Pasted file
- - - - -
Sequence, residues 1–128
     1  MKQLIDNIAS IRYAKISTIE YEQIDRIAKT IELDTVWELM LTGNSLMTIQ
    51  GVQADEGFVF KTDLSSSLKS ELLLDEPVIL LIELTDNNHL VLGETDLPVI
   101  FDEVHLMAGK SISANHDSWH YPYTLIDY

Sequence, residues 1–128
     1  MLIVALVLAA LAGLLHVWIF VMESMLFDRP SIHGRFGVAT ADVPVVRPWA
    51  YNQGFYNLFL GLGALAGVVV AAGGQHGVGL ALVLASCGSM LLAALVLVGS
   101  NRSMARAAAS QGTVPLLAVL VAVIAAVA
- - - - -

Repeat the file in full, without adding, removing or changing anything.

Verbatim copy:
Sequence, residues 1–128
     1  MKQLIDNIAS IRYAKISTIE YEQIDRIAKT IELDTVWELM LTGNSLMTIQ
    51  GVQADEGFVF KTDLSSSLKS ELLLDEPVIL LIELTDNNHL VLGETDLPVI
   101  FDEVHLMAGK SISANHDSWH YPYTLIDY

Sequence, residues 1–128
     1  MLIVALVLAA LAGLLHVWIF VMESMLFDRP SIHGRFGVAT ADVPVVRPWA
    51  YNQGFYNLFL GLGALAGVVV AAGGQHGVGL ALVLASCGSM LLAALVLVGS
   101  NRSMARAAAS QGTVPLLAVL VAVIAAVA